Space X Landing

Image courtesy of SpaceX/NASA

SpaceX Launch a Success:

Vertical Landing Even Bigger Success

| published December 22, 2015 |

By R. Alan Clanton, Thursday Review editor

NASA and SpaceX resumed their technological relationship with a successful launch on Monday of a Falcon 9 rocket, atop which was a payload of a dozen satellites owned by various space vendors, including ORBCOMM, the primary customer for Monday’s launch.

This was the first SpaceX launch since it last rocket—a cargo vessel ferrying supplies to the International Space Station—exploded minutes after takeoff in June 2015.

SpaceX (full name: Space Exploration Technologies) is a California-based company owned by Elon Musk, a technologist and billionaire who also owns the auto maker Tesla and a dozen related high tech companies.

Monday’s launch vindicates SpaceX after a costly failure in which a faulty strut was eventually found to have impacted the integrity of the upper stage liquid oxygen tank, causing a rupture and explosion, destroying a Dragon spacecraft carrying 5000 pounds of supplies and hardware for the space station.

But there is even more to SpaceX’s accomplishment than getting a rocket into space without an explosion and loss of payload. SpaceX also, for the first time, successful guided part of a rocket back to Earth—landing the 15-story behemoth vertically, and intact, a goal established by Musk in his early planning for SpaceX technology. SpaceX has attempted the tricky act of a vertical landing on specially designed floating barges at sea, but those landings failed.

Monday’s landing—just minutes after take-off—is a first for the history of space flight. Experts suggest it may usher-in a new era in which large rockets can engage in vertical landings back on Earth, or on other planets—a key piece of the complex puzzle of successfully taking humans to Mars and back, and for making the ever-expanding business of space activity less costly. The vertical landing will also introduce an era in which the large boosters and rockets can be easily and effectively reused, without the costly process of retrieving items at sea, or, worse, having to reconstruct replacements from scratch.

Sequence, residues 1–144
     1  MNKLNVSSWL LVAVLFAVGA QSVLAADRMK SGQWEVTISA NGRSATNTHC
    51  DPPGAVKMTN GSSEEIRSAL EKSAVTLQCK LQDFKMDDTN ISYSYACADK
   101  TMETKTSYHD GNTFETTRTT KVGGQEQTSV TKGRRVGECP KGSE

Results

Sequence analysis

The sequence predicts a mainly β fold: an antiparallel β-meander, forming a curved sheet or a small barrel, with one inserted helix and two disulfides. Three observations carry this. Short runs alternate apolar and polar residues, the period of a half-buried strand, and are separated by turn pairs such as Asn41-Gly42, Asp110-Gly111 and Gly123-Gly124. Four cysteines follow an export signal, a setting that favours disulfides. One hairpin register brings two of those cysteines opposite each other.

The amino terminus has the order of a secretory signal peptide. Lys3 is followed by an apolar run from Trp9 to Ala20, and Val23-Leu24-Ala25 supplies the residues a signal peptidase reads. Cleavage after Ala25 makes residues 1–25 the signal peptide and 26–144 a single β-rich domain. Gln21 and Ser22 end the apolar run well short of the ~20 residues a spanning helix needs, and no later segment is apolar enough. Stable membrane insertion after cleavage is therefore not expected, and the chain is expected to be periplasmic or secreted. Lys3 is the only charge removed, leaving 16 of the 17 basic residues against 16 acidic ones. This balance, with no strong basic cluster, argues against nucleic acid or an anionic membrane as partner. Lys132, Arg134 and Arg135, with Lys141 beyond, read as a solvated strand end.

A few minutes after the Falcon 9 rocket completed its soft landing on Earth, Musk tweeted to millions of followers “welcome back, baby.”

SpaceX’s previous attempts at vertical landings of its rockets and boosters were close calls—attempts in which there was only about a 50% chance of success, by Musk’s own admission. The last attempt was a “near success” in which the rocket tipped slightly only a dozen feet before it touched down on a specially-constructed platform at sea.

Amazon successfully achieved its own vertical landing of a spacecraft in November of this year using one of its Blue Origin fleet of rockets. The Amazon feat was, however, achieved after a short suborbital test flight. SpaceX is one of several high tech companies now competing aggressively for marker share in space launches and orbital activity. Amazon also seeks to create a permanent space presence, as does Google and Virgin.

The vertical landing of the rocket was nearly as dramatic as the launch; in the moments before the rocket came back into Earth’s atmosphere, it triggered a sonic boom, leading some inside buildings near Cape Canaveral to fear the rocket had exploded. Musk himself assumed the booster had met disaster on its way to the landing site. He was overjoyed later to learn the Falcon9 had landed intact.

All 11 satellites aboard the rocket were successfully inserted into Earth orbit.

Related Thursday Review articles:

Falcon 9 Explodes After Launch; Thursday Review staff; Thursday Review; June 28, 2015.

A New Record for Time in Space; Thursday Review staff; Thursday Review; October 16, 2015.